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United Irish Parliamentary Reform Plan

United Irish Parliamentary Reform Plan

March 1794

In many cases, a seat in the Irish House of Commons represented a borough whose elections could be easily controlled by the government or a wealthy landlord. Reform of this corrupt system was one of the principal objectives of the United Irish movement from its foundation in 1791. In this document the Dublin Society of United Irishmen set forth a detailed plan for such reforms. The plan would have extended the vote to all adult males "of sound mind" but stopped short of enfranchising women.

SEE ALSO Eighteenth-Century Politics: 1795 to 1800—Repression, Rebellion, and Union; Neilson, Samuel; Tandy, James Napper; Tone, Theobald Wolfe; United Irish Societies from 1791 to 1803


Prepared for Public Consideration by the Society of United Irishmen of Dublin

I. That the nation, for the purposes of representation solely, should be divided into 300 electorates, formed by combination of parishes, and as nearly as possible equal in point of population.

II. That each electorate should return one representative to parliament.

III. That each electorate should, for the convenience of carrying on the elections at the same time, be subdivided into a sufficient number of parts.

IV. That there should be a returning officer for each electorate, and a deputy returning officer for each subdivision, to be respectively elected.

V. That the electors of the electorate should vote, each in the subdivision in which he is registered, and has resided after specified.

VI. That the returning officers of the subdivisions should severally return their respective polls to the returning officer of the electorate, who should tot up the whole, and return the person having a majority of votes, as the representative in parliament.

VII. That every man possessing the right of suffrage for a representative in parliament, should exercise it in his own person only.

VIII. That no person should have a right to vote in more than one electorate at the same election.

IX. That every male of sound mind, who has attained the full age of 21 years, and actually dwelt, or maintained a family establishment in any electorate for six months of the twelve immediately previous to the commencement of the election (provided his residence or maintaining a family establishment be duly registered) should be entitled to vote for the representative of the electorate.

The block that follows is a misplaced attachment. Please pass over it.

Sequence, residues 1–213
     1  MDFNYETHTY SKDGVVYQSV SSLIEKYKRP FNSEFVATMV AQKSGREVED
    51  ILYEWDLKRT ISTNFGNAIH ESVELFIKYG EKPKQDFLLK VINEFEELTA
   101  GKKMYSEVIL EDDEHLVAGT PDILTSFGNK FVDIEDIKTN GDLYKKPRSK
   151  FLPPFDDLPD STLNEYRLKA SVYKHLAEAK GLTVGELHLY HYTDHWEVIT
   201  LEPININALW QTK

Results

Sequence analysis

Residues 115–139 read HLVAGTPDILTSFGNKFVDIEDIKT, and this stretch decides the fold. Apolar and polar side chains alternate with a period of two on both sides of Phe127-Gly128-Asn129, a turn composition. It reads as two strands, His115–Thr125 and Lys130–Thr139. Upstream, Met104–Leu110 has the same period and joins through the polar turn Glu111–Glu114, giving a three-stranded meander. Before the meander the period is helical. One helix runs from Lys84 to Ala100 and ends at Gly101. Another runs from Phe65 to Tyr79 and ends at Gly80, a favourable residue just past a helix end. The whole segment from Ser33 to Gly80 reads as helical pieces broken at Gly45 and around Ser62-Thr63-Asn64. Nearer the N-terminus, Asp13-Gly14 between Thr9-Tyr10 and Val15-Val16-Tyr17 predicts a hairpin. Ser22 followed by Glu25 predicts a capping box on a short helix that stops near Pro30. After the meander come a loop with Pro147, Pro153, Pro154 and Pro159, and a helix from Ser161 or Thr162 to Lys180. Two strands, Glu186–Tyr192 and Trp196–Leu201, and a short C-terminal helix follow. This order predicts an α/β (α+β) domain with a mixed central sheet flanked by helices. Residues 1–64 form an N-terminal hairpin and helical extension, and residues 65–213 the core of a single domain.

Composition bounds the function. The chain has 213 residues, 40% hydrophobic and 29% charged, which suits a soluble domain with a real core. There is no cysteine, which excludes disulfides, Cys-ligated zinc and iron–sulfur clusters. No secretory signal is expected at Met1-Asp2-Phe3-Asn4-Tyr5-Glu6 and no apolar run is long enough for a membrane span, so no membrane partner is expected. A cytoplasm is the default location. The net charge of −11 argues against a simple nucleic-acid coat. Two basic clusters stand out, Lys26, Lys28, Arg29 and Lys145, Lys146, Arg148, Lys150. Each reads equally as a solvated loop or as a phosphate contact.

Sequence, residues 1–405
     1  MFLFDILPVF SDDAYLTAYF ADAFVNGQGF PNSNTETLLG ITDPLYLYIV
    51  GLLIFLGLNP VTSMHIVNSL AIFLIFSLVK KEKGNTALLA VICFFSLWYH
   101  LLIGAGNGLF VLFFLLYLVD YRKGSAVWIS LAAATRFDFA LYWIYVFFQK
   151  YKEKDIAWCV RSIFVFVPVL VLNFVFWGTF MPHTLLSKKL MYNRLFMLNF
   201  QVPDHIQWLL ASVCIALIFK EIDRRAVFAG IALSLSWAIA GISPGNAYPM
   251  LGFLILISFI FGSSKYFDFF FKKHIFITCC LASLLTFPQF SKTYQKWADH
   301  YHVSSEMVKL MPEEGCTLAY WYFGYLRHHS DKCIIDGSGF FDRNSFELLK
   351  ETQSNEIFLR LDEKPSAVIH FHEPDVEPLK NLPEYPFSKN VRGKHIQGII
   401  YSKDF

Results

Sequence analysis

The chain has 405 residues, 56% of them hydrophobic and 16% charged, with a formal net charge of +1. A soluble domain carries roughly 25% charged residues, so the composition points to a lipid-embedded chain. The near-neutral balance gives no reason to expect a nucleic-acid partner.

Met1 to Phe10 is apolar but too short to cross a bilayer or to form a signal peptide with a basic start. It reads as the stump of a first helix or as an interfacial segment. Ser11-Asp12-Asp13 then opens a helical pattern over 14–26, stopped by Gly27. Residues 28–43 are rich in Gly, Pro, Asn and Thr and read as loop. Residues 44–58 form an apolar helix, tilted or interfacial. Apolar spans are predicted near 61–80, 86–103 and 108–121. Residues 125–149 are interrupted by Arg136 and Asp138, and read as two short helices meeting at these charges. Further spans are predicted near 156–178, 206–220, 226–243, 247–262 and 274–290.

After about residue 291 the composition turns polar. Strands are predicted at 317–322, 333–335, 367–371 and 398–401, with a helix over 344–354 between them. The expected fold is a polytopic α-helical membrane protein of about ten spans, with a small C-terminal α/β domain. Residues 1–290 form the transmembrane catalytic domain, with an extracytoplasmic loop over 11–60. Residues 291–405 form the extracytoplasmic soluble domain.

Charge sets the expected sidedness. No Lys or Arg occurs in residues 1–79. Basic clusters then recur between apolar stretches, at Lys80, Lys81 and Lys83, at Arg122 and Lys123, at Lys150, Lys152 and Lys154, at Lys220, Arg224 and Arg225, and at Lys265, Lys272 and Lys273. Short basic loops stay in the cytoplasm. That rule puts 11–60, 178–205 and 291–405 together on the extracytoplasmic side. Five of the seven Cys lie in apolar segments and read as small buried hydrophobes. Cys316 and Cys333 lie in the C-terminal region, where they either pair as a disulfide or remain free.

X. That there should be a registering officer, and a registry of residence in every subdivision of each electorate; and that in all questions concerning residence, the registry should be considered as conclusive evidence.

XI. That all elections in the nation should commence and close on the same day.

XII. That the votes of all electors should be given by voice and not by ballot.

XIII. That no oath of any kind should be taken by an elector.

XIV. That the full age of 25 years should be a necessary qualification to entitle any man to be a representative.

XV. That residence within the electorate should not, but that residence within the kingdom should be a necessary qualification for a representative.

XVI. That no property qualification should be necessary to entitle any man to be a representative.

XVII. That any person having a pension, or holding a place in the executive or judicial departments, should be thereby disqualified from being a representative.

XVIII. That representatives should receive a reasonable stipend for their services.

XIX. That every representative should, on taking his seat, swear that neither he, nor any person to promote his interest, with his privity, gave or was to give any bribe for the suffrage of any voter.

XX. That any representative convicted by a jury, of having acted contrary to the substance of the above oath, should for ever be disqualified from sitting or voting in parliament.

XXI. That parliaments should be annual.

XXII. That a representative should be at liberty to resign his delegation upon giving sufficient notice to his constituents.

XXIII. The absence from duty for should vacate the seat of a representative.

Reprinted in Irish Historical Documents, 1172–1922, edited by Edmund Curtis and R. B. McDowell (1943), pp. 237–238.

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